Daniel McConnell: Politicians keep changing their tune at an alarming rate

The trend of people abandoning previous stances wholesale in order for political expedience is frankly alarming, says Daniel McConnell
Daniel McConnell: Politicians keep changing their tune at an alarming rate

 Tánaiste Leo Varadkar's stance on a mandatory quarantine system changed substantially over a four-day period.

Does what our politicians say have any consequence anymore?

Increasingly, it would appear that it is perfectly acceptable for our illustrious leaders to say one thing one week, and then say the complete opposite the next and hope we don’t remember.

Last Thursday week, during Leaders’ Questions in the Dáil, Tánaiste Leo Varadkar was asked about whether the Government was thinking about introducing a mandatory quarantine system amid a public outcry.

While many have called for Ireland to follow the hardline example set by Australia, which has locked up many of the world’s biggest tennis stars ahead of the Open, in his answer, Varadkar set his face very much against the idea.

“The big flaw for Ireland in imposing 14-day mandatory quarantine with hotel detention for people arriving in our ports and airports is that it would be largely ineffective because we could not do so on the land border with Northern Ireland. Without stating the obvious, countries that have done this successfully are island states — we are an island geographically but not an island state — or countries such as South Korea, which has a border with North Korea that is of a very different type than ours with Northern Ireland,” he said.

“The number of people travelling in and out of the country now is very low. It is down to about 33,000 people a week. Quarantining that many people for 14 days in a hotel with closed windows would be 66,000 people. This is essential travel and we need to make sure we do not cut off essential travel entirely because sometimes it is necessary.

“If we were to take people who have come in from overseas — Irish people returning home; citizens coming back from overseas who have a negative test for Covid — and detain them in a hotel for 14 days, that would be disproportionate because there are lots of people in Ireland who we know have tested positive for Covid and we do not seek to detain them,” he said.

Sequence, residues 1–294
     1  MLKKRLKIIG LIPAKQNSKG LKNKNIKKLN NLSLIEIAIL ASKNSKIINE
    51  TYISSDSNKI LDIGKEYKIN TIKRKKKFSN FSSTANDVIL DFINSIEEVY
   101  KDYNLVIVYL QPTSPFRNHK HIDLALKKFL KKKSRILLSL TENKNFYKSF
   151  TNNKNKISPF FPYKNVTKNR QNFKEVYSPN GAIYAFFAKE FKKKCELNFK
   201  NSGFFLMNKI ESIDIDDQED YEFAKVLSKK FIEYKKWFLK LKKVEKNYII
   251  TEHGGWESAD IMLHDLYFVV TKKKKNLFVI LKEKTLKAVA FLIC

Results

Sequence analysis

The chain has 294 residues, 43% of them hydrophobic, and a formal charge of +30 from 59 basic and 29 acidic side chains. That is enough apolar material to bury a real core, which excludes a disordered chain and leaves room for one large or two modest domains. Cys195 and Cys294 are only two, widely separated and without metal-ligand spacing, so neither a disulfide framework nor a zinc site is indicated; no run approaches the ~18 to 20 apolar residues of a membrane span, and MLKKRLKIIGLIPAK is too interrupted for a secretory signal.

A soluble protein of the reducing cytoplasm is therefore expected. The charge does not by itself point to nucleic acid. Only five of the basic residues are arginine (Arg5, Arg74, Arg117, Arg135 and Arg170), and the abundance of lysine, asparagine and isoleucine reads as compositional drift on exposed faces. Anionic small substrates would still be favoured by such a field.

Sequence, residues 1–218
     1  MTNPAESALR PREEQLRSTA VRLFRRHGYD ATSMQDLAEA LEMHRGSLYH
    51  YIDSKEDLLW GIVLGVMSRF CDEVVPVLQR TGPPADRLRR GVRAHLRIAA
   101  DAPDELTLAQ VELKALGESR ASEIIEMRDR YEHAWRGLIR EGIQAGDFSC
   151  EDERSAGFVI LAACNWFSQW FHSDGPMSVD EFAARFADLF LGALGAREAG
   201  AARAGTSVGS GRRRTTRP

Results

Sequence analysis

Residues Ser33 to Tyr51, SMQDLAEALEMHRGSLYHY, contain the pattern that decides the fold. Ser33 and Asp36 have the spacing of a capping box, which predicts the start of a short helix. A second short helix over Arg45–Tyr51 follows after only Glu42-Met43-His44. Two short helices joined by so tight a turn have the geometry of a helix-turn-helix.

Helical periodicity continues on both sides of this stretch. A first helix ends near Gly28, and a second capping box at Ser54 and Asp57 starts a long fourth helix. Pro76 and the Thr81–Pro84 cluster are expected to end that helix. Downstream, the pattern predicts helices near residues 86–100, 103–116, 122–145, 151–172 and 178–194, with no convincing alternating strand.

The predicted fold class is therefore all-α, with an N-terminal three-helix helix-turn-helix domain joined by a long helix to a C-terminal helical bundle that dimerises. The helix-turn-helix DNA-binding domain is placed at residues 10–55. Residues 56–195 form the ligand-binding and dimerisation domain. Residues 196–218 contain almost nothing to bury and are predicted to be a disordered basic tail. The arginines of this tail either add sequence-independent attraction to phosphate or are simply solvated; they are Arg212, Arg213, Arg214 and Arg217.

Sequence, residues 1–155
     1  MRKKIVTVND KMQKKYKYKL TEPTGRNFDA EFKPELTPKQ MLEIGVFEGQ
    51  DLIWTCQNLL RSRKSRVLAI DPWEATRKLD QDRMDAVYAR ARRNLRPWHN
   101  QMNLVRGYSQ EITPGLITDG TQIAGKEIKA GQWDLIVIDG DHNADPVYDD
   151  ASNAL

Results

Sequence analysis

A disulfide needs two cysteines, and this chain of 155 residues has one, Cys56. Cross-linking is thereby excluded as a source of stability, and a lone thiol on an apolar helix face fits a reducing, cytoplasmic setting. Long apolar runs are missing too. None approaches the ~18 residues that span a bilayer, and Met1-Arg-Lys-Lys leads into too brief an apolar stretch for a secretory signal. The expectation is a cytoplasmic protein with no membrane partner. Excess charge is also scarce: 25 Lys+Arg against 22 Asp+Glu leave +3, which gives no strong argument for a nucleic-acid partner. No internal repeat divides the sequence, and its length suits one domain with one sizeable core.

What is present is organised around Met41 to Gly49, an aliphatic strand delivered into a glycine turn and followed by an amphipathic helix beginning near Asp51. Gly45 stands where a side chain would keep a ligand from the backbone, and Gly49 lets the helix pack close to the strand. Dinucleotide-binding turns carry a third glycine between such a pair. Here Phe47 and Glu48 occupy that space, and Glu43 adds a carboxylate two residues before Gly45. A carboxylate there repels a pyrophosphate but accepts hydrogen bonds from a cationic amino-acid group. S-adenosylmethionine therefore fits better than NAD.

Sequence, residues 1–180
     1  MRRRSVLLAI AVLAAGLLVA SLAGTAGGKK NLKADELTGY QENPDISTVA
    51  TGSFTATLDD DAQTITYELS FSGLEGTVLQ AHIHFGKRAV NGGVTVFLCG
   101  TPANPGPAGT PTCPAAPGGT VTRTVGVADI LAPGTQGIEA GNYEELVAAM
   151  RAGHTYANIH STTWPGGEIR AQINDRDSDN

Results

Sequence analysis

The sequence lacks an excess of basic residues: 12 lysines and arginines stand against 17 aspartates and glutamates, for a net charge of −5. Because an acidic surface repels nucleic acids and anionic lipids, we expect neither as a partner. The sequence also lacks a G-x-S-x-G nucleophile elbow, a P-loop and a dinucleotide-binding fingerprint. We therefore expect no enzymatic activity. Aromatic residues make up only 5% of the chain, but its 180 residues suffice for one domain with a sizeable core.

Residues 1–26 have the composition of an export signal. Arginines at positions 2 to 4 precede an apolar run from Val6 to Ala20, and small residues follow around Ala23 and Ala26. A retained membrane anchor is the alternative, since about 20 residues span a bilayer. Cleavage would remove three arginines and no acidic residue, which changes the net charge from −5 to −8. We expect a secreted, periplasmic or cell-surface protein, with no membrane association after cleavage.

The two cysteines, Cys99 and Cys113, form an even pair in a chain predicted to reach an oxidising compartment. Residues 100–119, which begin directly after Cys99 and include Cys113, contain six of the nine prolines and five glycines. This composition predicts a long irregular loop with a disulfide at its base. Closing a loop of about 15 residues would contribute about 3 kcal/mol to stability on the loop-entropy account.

So at that stage, quarantining people would be ineffective and disproportionate, according to Mr Varadkar.

Just four days later, last Monday night, the very same Leo Varadkar was on the Claire Byrne Live show on RTÉ television.

He was speaking having travelled from the Cabinet sub-committee on Covid-19 which had agreed that lockdown restrictions were to be extended until March 5, pending a meeting of the full Cabinet the next day.

Mr Varadkar was singing a very different tune.

Not only was he saying the quarantining people was now possible but being actively considered. He went even further, he said that such quarantine measures would be proposed to Cabinet and would have to be in place for a year.

“Well, first of all, any decision that could save hundreds of lives is proportionate. I am a member of government that on three occasions now has shut the country down. So, what I felt was disproportionate — perhaps I used the wrong term, I should use inconsistent — is quarantining people who have tested negative for Covid, when we don't have when we don't quarantine people who've tested positive for Covid,” he said.

While saying the quarantine system should not be seen as the silver bullet, he did say that quarantine measures would most likely be in place “for a year.” 

“Once you make, once you do a very dramatic public healthcare measure like that, or public health, public health measure like that, it's hard to reverse. And I think we probably wouldn't reverse it until everyone was vaccinated,” he said.

That was quite the shift in position in just four days.

But on the same programme, Mr Varadkar also insisted that the re-opening of the country will be “very slow” and can only happen in line with public health advice.